Bakalar, Micholas. "Doctor's Gender May Be Factor in Heart Diagnoses," New York Times, 2


Bakalar, Micholas. "Doctor's Gender May Be Factor in Heart Diagnoses," New York Times, 2
October 2007, p. F7.

Conventional wisdom holds that coronary heart disease is an illness of older men, and that may
be why doctors have difficulty diagnosing it in women. But do female doctors at least do a better
job than male doctors? Apparently not, a new study finds.

The study, published online on Aug. 30 in Sociology of Health and Illness, did find significant
differences in the ways male and female doctors diagnosed the illness. It reported that male
doctors might be less biased by the gender and age of the patient being examined.

"We're not trying to say that one group of doctors is better than another," John B. McKinlay, the
principal investigator said. "What we're trying to do is for the first time describe and explain how
much variability there is in doctors' behavior when they look at exactly the same clinical
presentation in different patients."

The scientists videotaped professional actors portraying patients of varying gender, age, race and
socioeconomic status who all had medically apparent symptoms of heart disease.

Then 112 male and female primary care doctors, half in Massachusetts and the rest in Britain,
watched the videos. The physicians were asked to think of the patient as one of their own, make a
diagnosis and suggest a treatment plan. Finally, they were asked to describe what factors they
considered in arriving at their decisions.

Both male and female doctors picked up more psychological cues from female patients than from
male patients. A characterization like "seemed very low" or "very depressed" was more likely to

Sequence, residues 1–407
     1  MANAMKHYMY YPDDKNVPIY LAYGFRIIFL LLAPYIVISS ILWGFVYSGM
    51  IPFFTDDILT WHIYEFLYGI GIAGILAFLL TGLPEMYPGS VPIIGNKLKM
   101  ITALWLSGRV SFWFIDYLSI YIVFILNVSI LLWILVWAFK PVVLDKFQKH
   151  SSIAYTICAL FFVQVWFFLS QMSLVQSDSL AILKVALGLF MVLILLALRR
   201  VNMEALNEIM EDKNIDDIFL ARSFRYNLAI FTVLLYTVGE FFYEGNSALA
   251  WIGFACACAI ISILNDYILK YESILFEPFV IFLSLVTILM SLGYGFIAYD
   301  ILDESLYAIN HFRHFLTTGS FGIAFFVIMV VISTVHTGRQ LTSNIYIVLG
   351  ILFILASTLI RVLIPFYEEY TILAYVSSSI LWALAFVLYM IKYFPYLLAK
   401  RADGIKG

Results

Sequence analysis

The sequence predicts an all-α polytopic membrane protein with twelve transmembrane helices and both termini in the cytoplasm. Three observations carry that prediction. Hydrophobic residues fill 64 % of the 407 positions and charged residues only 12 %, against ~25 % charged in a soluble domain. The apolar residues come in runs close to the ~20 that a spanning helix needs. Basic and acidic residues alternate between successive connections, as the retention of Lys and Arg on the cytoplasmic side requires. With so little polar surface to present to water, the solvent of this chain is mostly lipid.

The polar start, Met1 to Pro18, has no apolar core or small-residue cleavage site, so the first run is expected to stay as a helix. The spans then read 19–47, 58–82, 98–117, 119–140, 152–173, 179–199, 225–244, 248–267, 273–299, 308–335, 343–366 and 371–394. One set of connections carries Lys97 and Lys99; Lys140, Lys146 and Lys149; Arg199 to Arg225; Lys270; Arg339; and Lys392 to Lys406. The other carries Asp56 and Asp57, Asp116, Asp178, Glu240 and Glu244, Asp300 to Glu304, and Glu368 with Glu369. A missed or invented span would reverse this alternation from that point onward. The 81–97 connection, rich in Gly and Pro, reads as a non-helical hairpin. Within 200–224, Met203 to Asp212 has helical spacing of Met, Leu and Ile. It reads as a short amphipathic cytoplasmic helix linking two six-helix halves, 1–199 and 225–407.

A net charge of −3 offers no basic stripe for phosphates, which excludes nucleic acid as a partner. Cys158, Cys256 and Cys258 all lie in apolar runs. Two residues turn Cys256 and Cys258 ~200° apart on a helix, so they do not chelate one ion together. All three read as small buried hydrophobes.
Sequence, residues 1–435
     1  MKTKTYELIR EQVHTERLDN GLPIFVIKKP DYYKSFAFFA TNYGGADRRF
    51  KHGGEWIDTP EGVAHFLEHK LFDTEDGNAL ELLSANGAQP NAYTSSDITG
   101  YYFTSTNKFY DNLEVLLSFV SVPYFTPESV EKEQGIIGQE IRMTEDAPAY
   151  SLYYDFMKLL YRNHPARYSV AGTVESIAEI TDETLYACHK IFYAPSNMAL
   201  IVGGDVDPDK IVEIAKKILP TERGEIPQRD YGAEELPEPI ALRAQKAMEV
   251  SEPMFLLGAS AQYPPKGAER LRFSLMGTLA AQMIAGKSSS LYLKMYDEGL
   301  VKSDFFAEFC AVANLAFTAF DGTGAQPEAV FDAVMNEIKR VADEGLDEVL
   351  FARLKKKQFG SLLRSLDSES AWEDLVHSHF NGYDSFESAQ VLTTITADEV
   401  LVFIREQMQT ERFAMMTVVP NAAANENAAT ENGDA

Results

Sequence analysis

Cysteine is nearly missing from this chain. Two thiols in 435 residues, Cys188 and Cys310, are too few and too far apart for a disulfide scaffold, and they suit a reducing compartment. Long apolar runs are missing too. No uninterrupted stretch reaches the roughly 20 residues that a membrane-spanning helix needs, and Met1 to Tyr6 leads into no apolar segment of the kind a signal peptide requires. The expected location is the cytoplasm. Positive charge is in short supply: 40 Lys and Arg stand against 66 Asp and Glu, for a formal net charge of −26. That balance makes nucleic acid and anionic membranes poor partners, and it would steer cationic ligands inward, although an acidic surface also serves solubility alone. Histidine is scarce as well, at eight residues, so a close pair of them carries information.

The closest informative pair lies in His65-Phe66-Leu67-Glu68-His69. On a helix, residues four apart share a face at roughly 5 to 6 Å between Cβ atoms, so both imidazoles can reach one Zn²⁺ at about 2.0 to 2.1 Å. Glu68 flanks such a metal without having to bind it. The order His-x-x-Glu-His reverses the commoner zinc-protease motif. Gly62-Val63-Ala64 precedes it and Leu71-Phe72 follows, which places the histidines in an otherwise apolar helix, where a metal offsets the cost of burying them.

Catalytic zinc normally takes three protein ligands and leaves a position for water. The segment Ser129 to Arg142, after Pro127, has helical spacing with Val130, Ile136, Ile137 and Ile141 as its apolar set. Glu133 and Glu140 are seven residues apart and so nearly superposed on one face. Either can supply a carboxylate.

be made about a female patient than a male one.

Comments about a patient's self-presentation like, "He doesn't give a very cogent history," or,
"She's a passive victim," were more common among female doctors, and they made significantly
more such observations of female patients.

Male doctors noticed fewer such cues in general, and only slightly more from male than female
patients. This suggests that doctors, and especially female doctors, may be more sensitive to such
information in patients of their own gender.

Even though older age is a significant risk factor for heart disease in both men and women,
female doctors paid significantly less attention to female patients' ages than those of males.

Dr. Alexandra J. Lansky, an associate professor of clinical medicine in cardiology at the
Columbia University Medical Center who was not involved in the study, found the paper
revealing.

"The old statement that female docs are better prepared to take care of female patients does not
stand," Dr. Lansky said. "Female docs are missing one big point that the male docs don't miss,
and that's the age-related factor."

Not all experts found the report convincing. "This study clearly says that female and male
doctors approach the patient interview differently," said Dr. Elizabeth A. Jackson, an assistant
professor of medicine at the University of Michigan. "But they appear to have a similar
knowledge base. This was not a real-life situation, and you can't take conclusions from one study
in isolation. I'd like to see if these results can be replicated."

Dr. McKinlay, who is head of the New England Research Institutes in Watertown, Mass., said
the study offered a new way to look at the disparities between men and women in treating
coronary heart disease.

"A lot of the time," he said, "health disparities have been explained by characteristics of the
patient race or economics, women versus men, older versus younger. But here the variability
is explained by characteristics of the doctor."